Across the globe our competitors are overhauling their education systems to meet the demands of the digital age — we must do the same, or get left behind.
It was all so depressingly familiar. While the New Year newspapers feasted on lurid predictions about the various technological advances set to transform our lives in 2016, Education Secretary Nicky Morgan was announcing new multiplication tests for primary schools.
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Nothing wrong with that in itself of course, but the contrast seemed to capture the narrow, parochial timidity of this government’s vision for education. Whilst the winds of globalisation and the digital revolution contort the future which our young people will inherit, the government stands mute to the challenges this poses schooling.
Stagnant productivity, rampant inequality, stalling social mobility – education must help to tackle so many of this epoch’s defining problems. What is more, modern schools – as Andreas Schleicher, education expert at the OECD, puts it – “have to prepare students for jobs that have not yet been created, technologies that have not yet been invented and problems that we don’t yet know will arise.”
Across the globe the world’s leading education systems are overhauling schooling to respond to the new demands of the digital age. Singapore has devoted half the primary curriculum to music, sport, art and other activities we deem “extra-curricular”. Hong Kong has turned the dial down on formal testing in order to allow for deeper learning. New Zealand, Australia, Canada – all are overhauling their curriculum to encourage more creativity.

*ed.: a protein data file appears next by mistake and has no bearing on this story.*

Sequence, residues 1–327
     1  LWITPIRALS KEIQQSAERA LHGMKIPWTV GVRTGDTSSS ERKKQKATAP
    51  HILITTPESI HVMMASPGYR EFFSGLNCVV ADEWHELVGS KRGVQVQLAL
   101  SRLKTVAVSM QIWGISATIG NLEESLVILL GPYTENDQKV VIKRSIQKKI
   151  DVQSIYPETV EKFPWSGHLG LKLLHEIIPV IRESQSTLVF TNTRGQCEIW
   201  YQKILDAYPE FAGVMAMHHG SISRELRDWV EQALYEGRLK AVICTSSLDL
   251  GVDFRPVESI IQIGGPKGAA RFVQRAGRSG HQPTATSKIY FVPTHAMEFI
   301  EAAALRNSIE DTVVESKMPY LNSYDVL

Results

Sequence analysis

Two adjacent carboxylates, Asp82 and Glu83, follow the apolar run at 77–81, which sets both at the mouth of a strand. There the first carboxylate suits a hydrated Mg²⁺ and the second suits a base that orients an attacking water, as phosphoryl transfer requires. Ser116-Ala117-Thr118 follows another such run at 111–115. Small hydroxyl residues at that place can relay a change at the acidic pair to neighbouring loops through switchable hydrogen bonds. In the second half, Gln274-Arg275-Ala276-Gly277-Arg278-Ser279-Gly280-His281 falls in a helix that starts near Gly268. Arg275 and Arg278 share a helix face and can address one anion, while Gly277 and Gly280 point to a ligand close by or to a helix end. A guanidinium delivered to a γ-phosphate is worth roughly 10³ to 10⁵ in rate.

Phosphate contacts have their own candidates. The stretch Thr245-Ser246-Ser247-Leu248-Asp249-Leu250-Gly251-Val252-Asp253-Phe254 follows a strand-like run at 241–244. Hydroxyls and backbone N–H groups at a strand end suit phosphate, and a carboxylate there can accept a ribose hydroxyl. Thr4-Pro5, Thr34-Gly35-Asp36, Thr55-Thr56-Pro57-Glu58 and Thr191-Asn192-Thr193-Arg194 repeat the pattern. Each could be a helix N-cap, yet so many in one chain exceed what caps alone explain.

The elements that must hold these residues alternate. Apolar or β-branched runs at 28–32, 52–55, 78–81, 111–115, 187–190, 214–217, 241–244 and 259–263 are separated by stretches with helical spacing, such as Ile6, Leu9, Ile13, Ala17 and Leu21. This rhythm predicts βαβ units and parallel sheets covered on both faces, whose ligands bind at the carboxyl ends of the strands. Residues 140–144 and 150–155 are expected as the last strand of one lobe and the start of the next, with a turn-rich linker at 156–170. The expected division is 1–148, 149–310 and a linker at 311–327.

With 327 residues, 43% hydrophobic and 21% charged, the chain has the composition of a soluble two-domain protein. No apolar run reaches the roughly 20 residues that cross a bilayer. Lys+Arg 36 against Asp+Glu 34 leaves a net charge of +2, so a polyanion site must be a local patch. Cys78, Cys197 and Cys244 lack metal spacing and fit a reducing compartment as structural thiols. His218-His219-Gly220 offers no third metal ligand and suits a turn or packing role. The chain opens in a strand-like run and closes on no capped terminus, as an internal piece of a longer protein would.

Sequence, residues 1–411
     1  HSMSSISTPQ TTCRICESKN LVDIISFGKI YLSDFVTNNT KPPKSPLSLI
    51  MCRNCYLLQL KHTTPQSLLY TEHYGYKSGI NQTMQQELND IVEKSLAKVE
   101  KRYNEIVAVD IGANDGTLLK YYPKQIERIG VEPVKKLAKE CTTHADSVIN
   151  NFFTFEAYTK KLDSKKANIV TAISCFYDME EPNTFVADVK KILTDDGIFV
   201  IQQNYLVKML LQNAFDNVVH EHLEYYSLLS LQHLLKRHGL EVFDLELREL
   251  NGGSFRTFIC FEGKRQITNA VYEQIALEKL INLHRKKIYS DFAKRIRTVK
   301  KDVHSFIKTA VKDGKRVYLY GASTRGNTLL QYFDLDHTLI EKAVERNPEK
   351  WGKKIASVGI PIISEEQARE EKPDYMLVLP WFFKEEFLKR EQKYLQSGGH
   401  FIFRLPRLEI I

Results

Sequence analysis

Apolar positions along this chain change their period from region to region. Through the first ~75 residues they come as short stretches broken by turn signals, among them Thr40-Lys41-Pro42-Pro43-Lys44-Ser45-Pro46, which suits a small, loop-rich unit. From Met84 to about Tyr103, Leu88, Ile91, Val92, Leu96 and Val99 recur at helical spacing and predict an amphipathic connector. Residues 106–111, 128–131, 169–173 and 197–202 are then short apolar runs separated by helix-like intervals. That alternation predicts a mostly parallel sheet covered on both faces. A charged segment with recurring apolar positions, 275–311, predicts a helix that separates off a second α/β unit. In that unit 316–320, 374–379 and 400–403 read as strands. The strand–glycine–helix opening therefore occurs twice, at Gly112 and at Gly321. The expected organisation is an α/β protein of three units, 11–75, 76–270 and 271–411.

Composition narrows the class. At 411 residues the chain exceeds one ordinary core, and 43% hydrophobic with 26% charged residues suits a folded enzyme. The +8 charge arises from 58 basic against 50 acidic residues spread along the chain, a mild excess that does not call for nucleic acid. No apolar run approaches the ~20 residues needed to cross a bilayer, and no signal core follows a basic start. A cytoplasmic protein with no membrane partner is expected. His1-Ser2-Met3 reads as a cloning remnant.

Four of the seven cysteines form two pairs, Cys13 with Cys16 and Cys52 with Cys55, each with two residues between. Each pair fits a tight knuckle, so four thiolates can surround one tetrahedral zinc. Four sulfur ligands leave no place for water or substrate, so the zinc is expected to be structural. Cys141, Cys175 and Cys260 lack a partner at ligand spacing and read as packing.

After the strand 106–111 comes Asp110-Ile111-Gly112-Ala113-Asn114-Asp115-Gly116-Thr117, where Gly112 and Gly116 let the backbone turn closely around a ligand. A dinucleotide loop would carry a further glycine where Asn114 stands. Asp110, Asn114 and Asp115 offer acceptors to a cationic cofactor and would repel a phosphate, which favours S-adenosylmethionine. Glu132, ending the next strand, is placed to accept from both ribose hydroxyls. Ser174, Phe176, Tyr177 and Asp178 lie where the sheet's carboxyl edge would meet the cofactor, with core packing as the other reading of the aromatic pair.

This should be a time of unprecedented experimentation and innovation; of looking to recast the fundamental principles of English schooling anew for the 21st century. But unfortunately the Government remains steadfastly wedded to the past. Its restrictive accountability regime is crippling those subjects which best develop the creative and technical skills we need.
Meanwhile, its top-down, target-driven, ‘exam factory’ model of school improvement sidelines those character enriching extra-curricular activities and encourages teaching to the test. On Sure Start, improving childcare quality, effective early years support, boosting teaching quality, strengthening school leadership, reforming inspection, encouraging school to school collaboration and raising the status of vocational education it remains deafeningly silent. And it finds itself embroiled – yet again – in an enormous, party-dividing row about new selective grammar schools.
What this boils down to is a bureaucratic, central command – or, in the words of former Tory advisor Steve Hilton, “Soviet” – approach to education reform that is increasingly out of touch with the modern world.